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Record-high U.S. inflation looking a little more transitory as rate cooled in August


The U.S. inflation rate rose at its slowest pace in seven months in August, far less than economists were expecting and a hopeful sign that inflation pressures may be cooling.

The U.S. consumer price index rose at 0.3 per cent in August, down from a 0.5 per cent increase in July and a 0.9 per cent surge in June, the Department of Labour reported Tuesday. It was the smallest increase since the 0.3 per cent rise clocked in January.

The August slowdown in prices was seen as offering some hope that Americans were finally starting to see some relief from a price surge earlier in the year.

Over the past 12 months, consumer prices have gone up by 5.3 per cent in the U.S. That’s a slight improvement after two months at 5.4 per cent, which had been the highest annual inflation rate since 2008.

Canadian data expected tomorrow

Canada is poised to release its inflation data for August on Wednesday. In July Canada’s rate hit a 10-year high of 3.7 per cent and economists expect the August number to tick even higher.

Core prices, which exclude volatile food and energy costs, rose a tiny 0.1 per cent in August and are up by four per cent over the past year.

Republicans have attacked the Biden administration for this year’s surge in prices, but administration officials have insisted that the price jump will be temporary and prices will begin to return to more normal levels as numerous supply chain problems are resolved.

‘Transitory’ inflation explained

Economists, too, have been trumpeting caution about high inflation, arguing that the large yearly numbers being seen are mostly a factor of COVID artificially dragging down baseline prices a year ago, and ongoing supply chain issues causing them to look artificially high now.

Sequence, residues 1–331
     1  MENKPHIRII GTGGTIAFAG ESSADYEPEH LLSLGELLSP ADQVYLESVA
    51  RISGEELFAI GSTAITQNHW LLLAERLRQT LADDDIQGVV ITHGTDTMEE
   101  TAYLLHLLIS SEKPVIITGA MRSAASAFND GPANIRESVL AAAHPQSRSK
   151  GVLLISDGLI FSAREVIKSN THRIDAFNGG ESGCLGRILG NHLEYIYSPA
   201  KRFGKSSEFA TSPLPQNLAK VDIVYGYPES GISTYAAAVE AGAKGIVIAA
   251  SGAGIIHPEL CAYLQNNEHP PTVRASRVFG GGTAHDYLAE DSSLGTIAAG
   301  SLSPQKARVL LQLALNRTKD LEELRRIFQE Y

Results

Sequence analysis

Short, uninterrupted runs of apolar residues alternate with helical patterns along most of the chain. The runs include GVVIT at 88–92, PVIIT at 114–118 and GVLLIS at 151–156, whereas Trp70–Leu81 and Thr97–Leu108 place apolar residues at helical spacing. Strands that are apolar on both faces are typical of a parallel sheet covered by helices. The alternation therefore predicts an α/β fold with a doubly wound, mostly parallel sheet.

The economic term for short-term gyrations such as that is “transitory” — meaning they are just passing through, and may not last.

Economist Jennifer Lee with Bank of Montreal says the August numbers are high by any metric, but they do seem to suggest that some of the gains are running out of steam.

“Is this the end of the big monthly increases? I wouldn’t say that, as demand is still strong and could pick up further with wages rising,” she said. She noted that used car prices have been one of the biggest contributors to high inflation in recent months, but prices for them fell by 1.5 per cent in August — the first drop since February.

“The ‘is it transitory’ debate is far from over, but at least this more moderate gain in consumer prices will give the Fed some breathing room next week,” in terms of setting its benchmark interest rate, Lee said. “But not for long.”

Leslie Preston with TD Bank noted that “travel-related” prices, had been a big factor in driving inflation up in the spring, fell in August. Prices for shelter and medical supplies, meanwhile, heated up. “Once the post-pandemic price reversals are no longer a weight on inflation, these more persistent categories are likely to help keep inflation above target,” she said.



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